If you think about it, when you take off, not only do you have to carry the passengers, but also the fuel, and if you can reduce the fuel burn, you can reduce how much fuel you need to carry, which in turn reduces the size of the structure you need to carry the fuel. It’s kind of a chain reaction.

—Qiqi Wang

The team’s next step is to design a three-dimensional model to account for other factors affecting flight. While the MIT researchers are looking for a single optimal design for supersonic flight, Wang points out that a group at Tohoku University in Japan has made progress in designing a Busemann-like biplane with moving parts—the wings would essentially change shape in mid-flight to attain supersonic speeds.

There are many challenges in designing realistic supersonic aircraft, such as high drag, efficient engines and low sonic-boom signature. Dr. Wang’s paper presents an important first step towards reducing drag, and there is also potential to address structural issues.

—Karthik Duraisamy, assistant professor of aeronautics and astronautics at Stanford University, who was not involved in the research

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March 20, 2012 in Aviation, Fuel Efficiency | Permalink | Comments (8) | TrackBack (0)

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Comments

I would refuse to fly with this plane for purely aesthetic reasons ;-)

Seriously that plane is on the top-3 ugliest in aviation history (although it really hasn't earned a place in history yet).

Interesting research, though. Still, doubling the wetted area is usually not a great idea in terms of drag. I'd like to see some wind tunnel results before I have complete faith in this idea...

How about varying the distance between the wings as a function of speed to avoid choke flow? It should be possible to do with electric motors or hydraulics inside a variable strut between the wings.

If an affordable plane could get us from A to B in half the time, with less fuel, it's beautiful.

That song "How Bizarre" immediately comes to mind when looking at that picture!

http://www.youtube.com/watch?v=_lJrkeMQhHc

If you can reduce shock waves by 85% and fuel by 50% (and runway length by 50%?) who really cares about the aesthetic or look of the craft. Lots of the new cars look very odd and we like them as long as they can transport 4 or 5 heavies, take off as a rocket and move at 200 Kph.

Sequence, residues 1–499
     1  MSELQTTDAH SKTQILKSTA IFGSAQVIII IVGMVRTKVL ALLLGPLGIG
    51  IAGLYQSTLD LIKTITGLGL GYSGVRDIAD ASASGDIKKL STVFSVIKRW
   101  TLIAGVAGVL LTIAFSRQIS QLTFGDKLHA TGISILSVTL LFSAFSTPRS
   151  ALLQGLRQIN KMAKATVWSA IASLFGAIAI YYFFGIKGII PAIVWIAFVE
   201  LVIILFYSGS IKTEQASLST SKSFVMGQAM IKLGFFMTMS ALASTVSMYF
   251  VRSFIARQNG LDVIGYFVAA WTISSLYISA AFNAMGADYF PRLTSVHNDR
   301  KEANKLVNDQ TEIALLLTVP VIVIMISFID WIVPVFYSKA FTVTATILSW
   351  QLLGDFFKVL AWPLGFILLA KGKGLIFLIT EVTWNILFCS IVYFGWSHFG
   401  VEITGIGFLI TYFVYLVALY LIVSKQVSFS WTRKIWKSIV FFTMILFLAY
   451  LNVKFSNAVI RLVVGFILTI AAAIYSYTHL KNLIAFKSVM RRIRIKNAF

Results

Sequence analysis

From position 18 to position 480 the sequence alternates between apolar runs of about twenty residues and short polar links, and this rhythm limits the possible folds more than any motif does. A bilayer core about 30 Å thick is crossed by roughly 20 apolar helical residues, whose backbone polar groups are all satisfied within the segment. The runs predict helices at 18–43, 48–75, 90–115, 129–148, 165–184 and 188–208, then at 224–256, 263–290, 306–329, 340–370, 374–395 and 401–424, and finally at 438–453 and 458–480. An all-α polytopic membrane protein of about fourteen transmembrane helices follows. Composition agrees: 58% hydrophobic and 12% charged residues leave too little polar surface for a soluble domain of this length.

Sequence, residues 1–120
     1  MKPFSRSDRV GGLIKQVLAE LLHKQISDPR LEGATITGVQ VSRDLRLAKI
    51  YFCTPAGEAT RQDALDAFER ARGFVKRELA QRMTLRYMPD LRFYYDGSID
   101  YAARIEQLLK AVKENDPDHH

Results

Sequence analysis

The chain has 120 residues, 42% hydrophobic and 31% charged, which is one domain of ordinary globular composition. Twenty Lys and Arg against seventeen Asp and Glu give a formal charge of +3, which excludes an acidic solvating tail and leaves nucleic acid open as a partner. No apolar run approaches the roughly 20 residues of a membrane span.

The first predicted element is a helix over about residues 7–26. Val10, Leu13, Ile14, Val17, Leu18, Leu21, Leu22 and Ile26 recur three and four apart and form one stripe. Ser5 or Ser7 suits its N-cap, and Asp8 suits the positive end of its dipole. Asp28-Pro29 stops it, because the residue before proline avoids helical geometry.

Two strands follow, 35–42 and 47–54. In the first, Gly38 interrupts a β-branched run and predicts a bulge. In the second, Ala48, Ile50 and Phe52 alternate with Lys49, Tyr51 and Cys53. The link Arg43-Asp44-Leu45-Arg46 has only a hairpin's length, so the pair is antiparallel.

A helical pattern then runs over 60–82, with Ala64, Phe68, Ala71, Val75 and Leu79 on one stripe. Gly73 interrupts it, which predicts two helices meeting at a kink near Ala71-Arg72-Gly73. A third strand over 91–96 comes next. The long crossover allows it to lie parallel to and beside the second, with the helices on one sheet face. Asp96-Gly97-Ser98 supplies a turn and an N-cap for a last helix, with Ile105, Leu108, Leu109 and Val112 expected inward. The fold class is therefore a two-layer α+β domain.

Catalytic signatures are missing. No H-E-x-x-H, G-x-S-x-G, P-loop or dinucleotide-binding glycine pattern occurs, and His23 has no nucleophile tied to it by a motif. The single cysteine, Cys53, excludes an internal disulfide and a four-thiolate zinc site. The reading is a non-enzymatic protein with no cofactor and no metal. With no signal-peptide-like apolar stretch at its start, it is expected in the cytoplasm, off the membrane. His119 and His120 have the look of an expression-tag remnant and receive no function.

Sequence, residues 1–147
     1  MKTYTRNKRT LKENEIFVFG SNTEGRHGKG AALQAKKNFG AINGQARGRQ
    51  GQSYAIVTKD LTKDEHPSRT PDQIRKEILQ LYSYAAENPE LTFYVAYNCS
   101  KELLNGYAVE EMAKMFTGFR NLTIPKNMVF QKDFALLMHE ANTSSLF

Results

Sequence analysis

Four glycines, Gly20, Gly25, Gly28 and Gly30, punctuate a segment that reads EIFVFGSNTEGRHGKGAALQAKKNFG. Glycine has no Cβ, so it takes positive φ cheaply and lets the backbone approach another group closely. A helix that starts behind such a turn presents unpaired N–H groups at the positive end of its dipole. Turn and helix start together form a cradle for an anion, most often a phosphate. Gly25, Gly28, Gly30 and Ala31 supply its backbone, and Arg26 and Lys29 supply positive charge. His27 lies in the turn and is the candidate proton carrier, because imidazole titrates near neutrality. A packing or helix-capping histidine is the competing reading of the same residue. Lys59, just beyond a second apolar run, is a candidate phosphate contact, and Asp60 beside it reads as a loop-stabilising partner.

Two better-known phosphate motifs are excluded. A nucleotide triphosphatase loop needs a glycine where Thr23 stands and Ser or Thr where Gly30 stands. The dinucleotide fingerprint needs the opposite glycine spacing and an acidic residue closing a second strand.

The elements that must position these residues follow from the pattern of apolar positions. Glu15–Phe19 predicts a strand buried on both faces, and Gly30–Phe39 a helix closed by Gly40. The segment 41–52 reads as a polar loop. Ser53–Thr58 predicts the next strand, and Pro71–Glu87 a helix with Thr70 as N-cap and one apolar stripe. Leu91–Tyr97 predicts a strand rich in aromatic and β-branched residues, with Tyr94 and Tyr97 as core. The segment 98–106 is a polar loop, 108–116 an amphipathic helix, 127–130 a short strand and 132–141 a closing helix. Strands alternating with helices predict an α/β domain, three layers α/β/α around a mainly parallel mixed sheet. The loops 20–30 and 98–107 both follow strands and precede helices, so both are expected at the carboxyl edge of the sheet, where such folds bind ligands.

Perhaps the civilian market isn't concerned about aesthetics, but the military is - it is widely believed that military brass chose Lockheed Martin's JSF design over Boeing's design ultimately because of looks.

http://upload.wikimedia.org/wikipedia/commons/thumb/3/39/USAF_X32B_250.jpg/300px-USAF_X32B_250.jpg

http://static.guim.co.uk/sys-images/Guardian/Pix/pictures/2012/3/2/1330701663878/Lockheed-Martin-Joint-Str-007.jpg

A remarkable achievement if this could be verified by actual wind-tunnel testing.

However, I'm concerned about this tailess aircraft's longitudinal stability. In the supersonic regime, aileron and elevator are no longer effective, forcing supersonic aircraft to move the entire stabilizer surface to actuate both roll and pitch control. Perhaps a biplane tail stabilizer is also needed for pitch and roll control at supersonic speeds.

Is a long and slender wing still necessary for high efficiency at supersonic speeds? I think not, since there will no longer be tip vortices hence no longer lift-induced drag at supersonic regime, hence no advantage to a long and high-aspect ratio wing.

With a conventional swept wings and tails, albeit biplanar, the plane will look a lot better. Lift can be distributed between the wings and the horizontal tails.

Continuing to above posting, perhaps a tailess design would still be possible like the French Mirage fighter, in which a delta wing has very large moving surface at each wing tip for actuating both roll and pitch control. In this case, a delta bi-plane wing (with pointed tips, to accomodate shock wave cancellation) and an entirely movable wing tip sections would be necessary for adequate roll and pitch control, though natural stability would be lacking and will need augmented electronic stability control for safety and to easy pilot work load.

Those guys should have been mandated to design the F-35.